schliessen

Filtern

 

Bibliotheken

Free radicals and antioxidants: updating a personal view

This article looks back to the antioxidant/free radical field in 1994 and discusses how it has progressed in the past 18 years. In some areas, there has been little change: the role of oxygen radicals and other reactive oxygen species (ROS) in the origin or progression of most human diseases remains... Full description

Journal Title: Nutrition Reviews Vol.70(5), p.257
Main Author: Halliwell, Barry
Format: Electronic Article Electronic Article
Language: English
Subjects:
Publisher: Oxford University Press, UK
Created: May 2012
ID: ISSN: 00296643
Link: http://search.proquest.com/docview/1010042250/?pq-origsite=primo
Zum Text:
SendSend as email Add to Book BagAdd to Book Bag
Staff View
recordid: proquest1010042250
title: Free radicals and antioxidants: updating a personal view
format: Article
creator:
  • Halliwell, Barry
subjects:
  • Free Radicals
  • Antioxidants
  • Disease
  • Diet
  • Nutrition
ispartof: Nutrition Reviews, Vol.70(5), p.257
description: This article looks back to the antioxidant/free radical field in 1994 and discusses how it has progressed in the past 18 years. In some areas, there has been little change: the role of oxygen radicals and other reactive oxygen species (ROS) in the origin or progression of most human diseases remains uncertain, with cancer and neurodegenerative disease being likely exceptions. Even in diseases in which ROS are involved there has been little progress in developing effective antioxidant treatments. Mega-doses of dietary antioxidants have also generally failed to prevent human disease, in part because they do not decrease oxidative damage in vivo (as revealed by robust biomarkers). However, some strategies that are known to delay disease onset may act, at least in part, by decreasing oxidative damage levels. Nevertheless, far more is known today about endogenous antioxidant defenses and how they are regulated, which has led to a deeper understanding of how some ROS can act as signaling molecules. Increasing endogenous antioxidant levels (e.g., by supplying "pro-oxidants") may be a better approach to therapeutics and disease prevention than consuming large doses of "dietary antioxidants." [PUBLICATION ]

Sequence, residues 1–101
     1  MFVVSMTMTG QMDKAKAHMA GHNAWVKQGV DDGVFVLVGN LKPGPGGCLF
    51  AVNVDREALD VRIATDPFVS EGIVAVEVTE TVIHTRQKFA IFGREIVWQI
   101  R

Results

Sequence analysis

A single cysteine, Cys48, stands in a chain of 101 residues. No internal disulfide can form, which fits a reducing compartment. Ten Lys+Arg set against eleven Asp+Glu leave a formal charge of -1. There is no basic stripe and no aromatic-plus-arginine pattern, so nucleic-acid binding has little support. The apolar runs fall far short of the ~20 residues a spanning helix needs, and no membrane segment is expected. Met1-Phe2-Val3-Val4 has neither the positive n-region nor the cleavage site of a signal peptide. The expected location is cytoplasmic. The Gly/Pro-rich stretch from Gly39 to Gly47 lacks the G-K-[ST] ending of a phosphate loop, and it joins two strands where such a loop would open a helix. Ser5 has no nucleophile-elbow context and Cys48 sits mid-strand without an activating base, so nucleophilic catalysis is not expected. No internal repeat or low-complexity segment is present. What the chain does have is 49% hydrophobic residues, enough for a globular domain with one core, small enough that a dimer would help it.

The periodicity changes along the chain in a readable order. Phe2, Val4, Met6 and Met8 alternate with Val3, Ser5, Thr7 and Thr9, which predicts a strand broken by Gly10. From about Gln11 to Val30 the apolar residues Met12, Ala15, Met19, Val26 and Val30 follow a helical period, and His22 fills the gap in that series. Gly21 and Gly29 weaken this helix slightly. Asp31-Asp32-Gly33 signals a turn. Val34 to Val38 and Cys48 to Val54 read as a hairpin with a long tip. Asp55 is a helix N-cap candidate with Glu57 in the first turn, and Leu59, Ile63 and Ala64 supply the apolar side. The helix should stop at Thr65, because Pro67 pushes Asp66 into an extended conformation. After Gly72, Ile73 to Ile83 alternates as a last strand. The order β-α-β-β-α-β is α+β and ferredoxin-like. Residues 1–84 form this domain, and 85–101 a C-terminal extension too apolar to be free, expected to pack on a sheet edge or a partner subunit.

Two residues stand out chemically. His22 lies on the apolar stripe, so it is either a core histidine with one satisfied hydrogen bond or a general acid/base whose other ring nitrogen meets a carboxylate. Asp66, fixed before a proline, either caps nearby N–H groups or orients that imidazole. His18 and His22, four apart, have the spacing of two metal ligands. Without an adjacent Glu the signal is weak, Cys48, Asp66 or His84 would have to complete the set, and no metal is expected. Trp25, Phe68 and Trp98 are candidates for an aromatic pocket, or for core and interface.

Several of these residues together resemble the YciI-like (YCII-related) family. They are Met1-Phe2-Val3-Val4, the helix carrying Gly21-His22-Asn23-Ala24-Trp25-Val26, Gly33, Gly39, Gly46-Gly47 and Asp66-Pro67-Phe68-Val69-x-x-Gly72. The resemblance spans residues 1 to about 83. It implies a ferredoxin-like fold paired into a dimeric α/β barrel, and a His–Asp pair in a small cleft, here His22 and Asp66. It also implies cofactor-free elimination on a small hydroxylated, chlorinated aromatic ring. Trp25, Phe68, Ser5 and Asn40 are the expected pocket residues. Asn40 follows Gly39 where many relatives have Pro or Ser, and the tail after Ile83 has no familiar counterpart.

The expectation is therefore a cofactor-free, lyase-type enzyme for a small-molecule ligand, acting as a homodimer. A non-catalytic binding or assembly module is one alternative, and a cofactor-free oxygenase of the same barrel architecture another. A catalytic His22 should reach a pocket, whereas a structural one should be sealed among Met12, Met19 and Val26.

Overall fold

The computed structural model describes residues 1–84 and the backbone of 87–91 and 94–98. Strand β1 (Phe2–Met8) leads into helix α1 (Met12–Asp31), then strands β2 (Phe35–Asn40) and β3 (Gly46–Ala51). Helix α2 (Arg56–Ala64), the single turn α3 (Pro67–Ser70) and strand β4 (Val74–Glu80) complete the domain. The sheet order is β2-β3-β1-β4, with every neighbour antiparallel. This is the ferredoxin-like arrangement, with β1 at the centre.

language: eng
source:
identifier: ISSN: 00296643
fulltext: fulltext
issn:
  • 00296643
  • 0029-6643
url: Link


@attributes
ID1400212554
RANK0.06999999
NO1
SEARCH_ENGINEprimo_central_multiple_fe
SEARCH_ENGINE_TYPEPrimo Central Search Engine
LOCALfalse
PrimoNMBib
record
control
sourcerecordid1010042250
sourceidproquest
recordidTN_proquest1010042250
sourcesystemOther
pqid1010042250
galeid290733843
display
typearticle
titleFree radicals and antioxidants: updating a personal view
creatorHalliwell, Barry
publisherOxford University Press, UK
creationdateMay 2012
ispartofNutrition Reviews, Vol.70(5), p.257
identifierISSN: 00296643
subjectFree Radicals ; Antioxidants ; Disease ; Diet ; Nutrition
descriptionThis article looks back to the antioxidant/free radical field in 1994 and discusses how it has progressed in the past 18 years. In some areas, there has been little change: the role of oxygen radicals and other reactive oxygen species (ROS) in the origin or progression of most human diseases remains uncertain, with cancer and neurodegenerative disease being likely exceptions. Even in diseases in which ROS are involved there has been little progress in developing effective antioxidant treatments. Mega-doses of dietary antioxidants have also generally failed to prevent human disease, in part because they do not decrease oxidative damage in vivo (as revealed by robust biomarkers). However, some strategies that are known to delay disease onset may act, at least in part, by decreasing oxidative damage levels. Nevertheless, far more is known today about endogenous antioxidant defenses and how they are regulated, which has led to a deeper understanding of how some ROS can act as signaling molecules. Increasing endogenous antioxidant levels (e.g., by supplying "pro-oxidants") may be a better approach to therapeutics and disease prevention than consuming large doses of "dietary antioxidants." [PUBLICATION ]
languageeng
source
version7
lds50peer_reviewed